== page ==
With the exception of the new Ray Accelerators, each Compute Unit (CU) is listed as the first RDNA card. Each CU has 64 Stream Processors (SPs), a total of 4,608 SPs on the Radeon RX 6800 XT. Of course, because we have not seen a process decline, this comes with very high mortality, with 26.8 billion transistors across the 519mm² die.
This larger death is accompanied by a higher clock speed, too. The Radeon RX 6800 XT has a Game Clock of 2,015MHz and a Boost Clock of up to 2,250MHz. Game Clock is something you’ll probably see most of the time while playing games, and Boost Clock is basically how fast it can go up to huge explosive loads, instead of continuous loads like the best PC games.
With more die space and higher clock speeds, power consumption is obviously increasing sharply. The AMD Radeon RX 6800 XT is rated at 300W, but we have never seen the power of the ASIC (total card-drawn value) exceed 294W. And, most of the time in our tests, our MSI Afterburner overlay reported only between 230-250W games. That means there is too much room for this graphics card to press over.
Hopefully the new VBIOS (VGA BIOS) will be released, which will make the 6800 XT extend even further allowing it to truly reflect its RTX 3080. But without the box when it is released, it is not healthy.
Fortunately, that means temperatures remain low. In all of our tests, we recorded a maximum temperature of 78 ° C, which is much lower than the Radeon RX 6800 cut.
The hotspot temperature, which simply reports that the hottest half of mortality, is as high as 114 ° C high, slightly above 110 ° C recommended by AMD to be within the operation. It did not cause a hot explosion, but be aware that when you look at the temperatures, you may see very high numbers.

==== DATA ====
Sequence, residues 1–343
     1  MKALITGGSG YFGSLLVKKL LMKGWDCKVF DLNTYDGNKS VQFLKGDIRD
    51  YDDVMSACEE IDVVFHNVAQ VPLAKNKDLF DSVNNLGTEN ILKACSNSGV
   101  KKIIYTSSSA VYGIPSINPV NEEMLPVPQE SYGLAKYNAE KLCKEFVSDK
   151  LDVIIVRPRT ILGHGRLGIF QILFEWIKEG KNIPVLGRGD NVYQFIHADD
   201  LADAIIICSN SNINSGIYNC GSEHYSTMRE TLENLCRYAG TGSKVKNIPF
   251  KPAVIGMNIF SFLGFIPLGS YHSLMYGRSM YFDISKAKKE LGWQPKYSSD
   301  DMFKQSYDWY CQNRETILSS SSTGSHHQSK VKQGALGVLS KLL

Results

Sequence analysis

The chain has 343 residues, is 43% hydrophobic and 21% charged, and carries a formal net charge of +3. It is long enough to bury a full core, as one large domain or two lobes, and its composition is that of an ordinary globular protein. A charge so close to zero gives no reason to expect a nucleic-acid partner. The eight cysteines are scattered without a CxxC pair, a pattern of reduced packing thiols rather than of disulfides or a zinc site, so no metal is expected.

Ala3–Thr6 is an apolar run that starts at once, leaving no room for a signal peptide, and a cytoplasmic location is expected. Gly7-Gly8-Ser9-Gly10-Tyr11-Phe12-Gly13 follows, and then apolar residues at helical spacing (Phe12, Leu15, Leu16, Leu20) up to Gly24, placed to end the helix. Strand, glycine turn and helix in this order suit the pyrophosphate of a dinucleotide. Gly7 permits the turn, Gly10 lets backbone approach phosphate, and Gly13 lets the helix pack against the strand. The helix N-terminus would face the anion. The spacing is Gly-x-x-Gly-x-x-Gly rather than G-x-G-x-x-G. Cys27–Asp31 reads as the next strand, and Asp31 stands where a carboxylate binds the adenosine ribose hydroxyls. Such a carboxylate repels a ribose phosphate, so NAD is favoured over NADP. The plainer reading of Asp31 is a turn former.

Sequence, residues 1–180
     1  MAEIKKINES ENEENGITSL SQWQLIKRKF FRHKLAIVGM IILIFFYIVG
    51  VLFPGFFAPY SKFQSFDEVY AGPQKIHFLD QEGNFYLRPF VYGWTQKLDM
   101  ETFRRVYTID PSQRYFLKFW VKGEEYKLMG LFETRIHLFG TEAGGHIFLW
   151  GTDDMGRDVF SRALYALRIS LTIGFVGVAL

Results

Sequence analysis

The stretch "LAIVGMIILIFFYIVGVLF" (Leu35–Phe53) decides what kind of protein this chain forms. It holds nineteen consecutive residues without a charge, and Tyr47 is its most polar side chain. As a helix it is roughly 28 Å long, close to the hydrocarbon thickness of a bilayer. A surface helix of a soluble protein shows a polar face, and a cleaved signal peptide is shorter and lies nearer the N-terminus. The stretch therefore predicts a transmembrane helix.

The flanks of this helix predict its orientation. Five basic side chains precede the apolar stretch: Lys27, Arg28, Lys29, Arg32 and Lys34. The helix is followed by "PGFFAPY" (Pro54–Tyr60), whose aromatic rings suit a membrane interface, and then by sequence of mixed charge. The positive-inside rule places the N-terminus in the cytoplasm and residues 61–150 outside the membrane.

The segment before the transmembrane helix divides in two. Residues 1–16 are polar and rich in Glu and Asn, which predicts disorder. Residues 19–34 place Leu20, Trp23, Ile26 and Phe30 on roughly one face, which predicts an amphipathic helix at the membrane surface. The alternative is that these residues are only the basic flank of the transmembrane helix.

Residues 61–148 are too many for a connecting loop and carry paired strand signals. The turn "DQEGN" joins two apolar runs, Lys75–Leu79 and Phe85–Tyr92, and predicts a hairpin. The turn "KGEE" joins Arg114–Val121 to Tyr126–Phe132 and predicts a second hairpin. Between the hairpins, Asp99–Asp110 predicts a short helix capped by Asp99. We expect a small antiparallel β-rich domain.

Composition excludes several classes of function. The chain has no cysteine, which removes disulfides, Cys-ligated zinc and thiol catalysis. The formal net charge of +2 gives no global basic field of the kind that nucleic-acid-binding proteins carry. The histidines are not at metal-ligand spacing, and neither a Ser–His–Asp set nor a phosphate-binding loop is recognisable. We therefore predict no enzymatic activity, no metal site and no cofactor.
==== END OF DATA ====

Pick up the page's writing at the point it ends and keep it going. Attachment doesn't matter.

Most interestingly though, the Radeon RX 6800 XT is actually a GPU type installed inside the Xbox Series X and PS5. This could mean that games will be easily developed for this graphics card for the next generation of comfort. The benefits of this are demonstrated in games such as the Assassins Creed Odyssey and Far Cry 5, which are not next-generation games but are designed specifically for AMD hardware, and show how effective that functionality can be.
With the Radeon RX 6800 series, AMD brings two optional features to the table, which can help maximize performance. Both Smart Access Memory (SAM) and Rage Mode can help increase performance but return to expectations.
Rage mode is actually overulsive-sanctioned versions because they will not leave your warranty. Or, if you go into Radeon software to enable it, it will tell you that you are confusing arcane settings by risking it – don’t worry, if you use one of the AMD presets, you don’t have to worry about your warranty.
We tested Rage Mode in our 3DMark tests, and it actually led to lower scores – even though it was in error.
SAM is a completely different beast, however. Depending on AMD, this will result in an additional 10% performance, but it does require a combination of your BIOS, not to mention the latest AMD processors and motherboards. You will have to disable CSM, which means some users will have to install Windows 10 from scratch if they do not have UEFI compatible installation, then go into advanced settings and enable Above 4G Decoding and Re-Size BAR Support.